42Floors is revolutionizing the way commercial real estate is leased. Ease of use and access to quality data make this site one to watch for years to come.

Open letter to Boston City Council and Mayor Walsh

Congratulations on your victory, now please do your part to fix the apartment rental situation in Boston.

I am generally a believer that a free market economy will fix most problems in business and consumer issues, but in the case of renting apartments in Boston, I now strongly believe that regulation is necessary to save renters (and real estate agents) from the unjust practice of charging rental brokerage fees to renters.

Let me explain.

The standard practice of listing an apartment goes something like this – give your rental listing to a privileged group of real estate agents and management companies, allow them to post the listing all over the internet multiple times and in multiple places, and then when they come to you with a qualified renter, have that renter pay them for their work. On the surface this seems fair, and years ago it was when a renter’s first stop was their local real estate office to find an apartment. In those days renters would gladly fork over a fee for finding and helping them secure a place.

However, in 2013 a renter’s first stop is the internet and they only tend to seek the help of a real estate agent in their search for one of two reasons: they want their help finding a place (i.e. the old school method) because they either don’t have the time to scour online listings or are unfamiliar with locations etc, or they had no other way of viewing and eventually renting that amazing listing they found online without going through the agent attached to the listing. The latter is more common practice for Bostonians who almost always begin their search online. In this case, the renter is charged a one month fee by an agent they did not choose to hire, but rather were forced to work with because it was their only access to the apartment of their dreams. This is sleazy business, and although agents get a lot of the blame, it really rests on the landlords who have gotten away with the practice of listing apartments with someone and proceeding to not pay them for their service.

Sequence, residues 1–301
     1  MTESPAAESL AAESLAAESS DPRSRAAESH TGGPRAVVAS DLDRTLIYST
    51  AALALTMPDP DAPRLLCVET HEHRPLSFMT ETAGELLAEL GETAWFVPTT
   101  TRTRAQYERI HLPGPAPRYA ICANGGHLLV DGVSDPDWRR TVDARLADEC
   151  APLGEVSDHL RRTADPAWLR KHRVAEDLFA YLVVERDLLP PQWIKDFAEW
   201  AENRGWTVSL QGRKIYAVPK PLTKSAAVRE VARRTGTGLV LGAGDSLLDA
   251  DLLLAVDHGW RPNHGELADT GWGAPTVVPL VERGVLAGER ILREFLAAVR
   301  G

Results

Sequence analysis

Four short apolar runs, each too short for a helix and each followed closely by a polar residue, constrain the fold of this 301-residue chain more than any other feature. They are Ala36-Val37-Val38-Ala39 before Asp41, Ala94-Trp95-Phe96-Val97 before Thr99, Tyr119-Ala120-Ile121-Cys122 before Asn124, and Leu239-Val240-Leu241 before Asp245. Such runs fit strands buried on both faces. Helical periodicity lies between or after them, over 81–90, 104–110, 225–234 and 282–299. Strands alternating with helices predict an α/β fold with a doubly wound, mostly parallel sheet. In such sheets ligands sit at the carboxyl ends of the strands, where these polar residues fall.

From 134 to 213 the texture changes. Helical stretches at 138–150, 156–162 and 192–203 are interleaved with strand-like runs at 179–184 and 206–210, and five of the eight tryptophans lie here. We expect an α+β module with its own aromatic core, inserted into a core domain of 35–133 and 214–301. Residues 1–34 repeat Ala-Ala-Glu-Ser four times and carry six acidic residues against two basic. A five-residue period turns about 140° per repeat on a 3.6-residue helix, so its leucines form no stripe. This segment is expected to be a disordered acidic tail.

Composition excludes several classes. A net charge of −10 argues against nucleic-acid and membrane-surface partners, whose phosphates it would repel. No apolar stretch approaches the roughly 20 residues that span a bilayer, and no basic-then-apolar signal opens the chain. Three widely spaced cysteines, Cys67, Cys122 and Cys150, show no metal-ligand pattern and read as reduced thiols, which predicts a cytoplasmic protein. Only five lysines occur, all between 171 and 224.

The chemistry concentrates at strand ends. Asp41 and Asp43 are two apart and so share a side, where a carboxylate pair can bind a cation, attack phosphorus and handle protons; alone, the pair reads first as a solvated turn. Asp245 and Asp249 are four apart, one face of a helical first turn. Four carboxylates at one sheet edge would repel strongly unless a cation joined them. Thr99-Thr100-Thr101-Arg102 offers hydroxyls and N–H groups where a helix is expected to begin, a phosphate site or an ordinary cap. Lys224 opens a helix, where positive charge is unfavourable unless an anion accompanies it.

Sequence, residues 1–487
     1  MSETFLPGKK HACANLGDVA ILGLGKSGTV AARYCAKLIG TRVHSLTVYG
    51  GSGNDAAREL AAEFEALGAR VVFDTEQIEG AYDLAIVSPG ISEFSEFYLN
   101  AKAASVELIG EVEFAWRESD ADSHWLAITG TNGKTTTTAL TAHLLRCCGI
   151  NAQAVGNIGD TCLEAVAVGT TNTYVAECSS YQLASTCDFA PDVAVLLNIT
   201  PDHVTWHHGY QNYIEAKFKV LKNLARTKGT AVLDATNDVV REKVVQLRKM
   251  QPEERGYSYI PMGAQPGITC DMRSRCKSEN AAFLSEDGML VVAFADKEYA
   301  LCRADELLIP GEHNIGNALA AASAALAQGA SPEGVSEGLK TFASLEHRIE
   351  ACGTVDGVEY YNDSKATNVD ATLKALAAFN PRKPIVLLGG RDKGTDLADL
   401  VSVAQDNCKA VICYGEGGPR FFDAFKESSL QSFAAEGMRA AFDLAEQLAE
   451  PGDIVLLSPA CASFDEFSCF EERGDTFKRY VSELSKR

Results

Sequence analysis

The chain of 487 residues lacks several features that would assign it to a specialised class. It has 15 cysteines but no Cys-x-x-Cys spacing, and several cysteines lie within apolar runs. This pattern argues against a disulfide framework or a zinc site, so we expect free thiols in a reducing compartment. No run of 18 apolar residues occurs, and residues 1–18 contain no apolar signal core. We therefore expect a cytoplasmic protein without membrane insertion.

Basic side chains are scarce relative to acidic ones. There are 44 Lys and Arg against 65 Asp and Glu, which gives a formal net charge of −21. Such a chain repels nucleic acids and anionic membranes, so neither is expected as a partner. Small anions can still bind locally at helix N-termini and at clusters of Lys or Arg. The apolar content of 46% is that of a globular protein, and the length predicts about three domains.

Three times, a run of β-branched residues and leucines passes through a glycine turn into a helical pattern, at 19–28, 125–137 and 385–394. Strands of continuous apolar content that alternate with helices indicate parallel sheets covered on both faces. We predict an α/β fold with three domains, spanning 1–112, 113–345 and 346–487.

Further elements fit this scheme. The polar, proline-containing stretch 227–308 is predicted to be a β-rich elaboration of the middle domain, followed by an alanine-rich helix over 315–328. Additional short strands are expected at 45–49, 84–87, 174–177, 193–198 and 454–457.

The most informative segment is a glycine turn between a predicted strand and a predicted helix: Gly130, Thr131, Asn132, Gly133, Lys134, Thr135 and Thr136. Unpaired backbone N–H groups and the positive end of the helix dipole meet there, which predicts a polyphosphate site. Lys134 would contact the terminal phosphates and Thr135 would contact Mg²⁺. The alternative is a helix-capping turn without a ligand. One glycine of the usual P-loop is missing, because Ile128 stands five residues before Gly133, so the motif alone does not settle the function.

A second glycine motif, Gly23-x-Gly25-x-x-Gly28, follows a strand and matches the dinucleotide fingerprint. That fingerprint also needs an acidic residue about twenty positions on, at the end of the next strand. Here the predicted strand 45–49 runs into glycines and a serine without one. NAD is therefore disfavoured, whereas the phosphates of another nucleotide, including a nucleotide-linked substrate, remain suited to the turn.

The city needs to pass a law that forbids the practice of charging brokerage fees to prospective renters. There is no other way for this to change in the near term. Landlords and management companies are happy to continue to ask for free marketing from agents, and as long as that is the case, the Boston apartment rental market will remain prohibitive and uninviting to innovation, not to mention unjustly expensive for renters.

This will benefit all parties involved. Renters will have the CHOICE to hire and pay for the services of an agent as a locator to save them time and provide expertise, or to (like most Boston renters) go it alone and use the internet to find apartments of their choice – fee free. Agents will get clients who actually CHOOSE to work with them, rather than disloyal renters who came across them (and 10 other agents) online and are just calling about one place. Landlords will see innovative products emerge to give them more of a choice in terms of deciding how to successfully advertise and rent their apartment.

The only other city in the country that I know of that has a similarly murky rental situation is New York City – and we should beat them to the punch on this issue.

Who’s with me? If you agree and/or would like to get involved to see this change actually happen, please write in the comments or send us a message!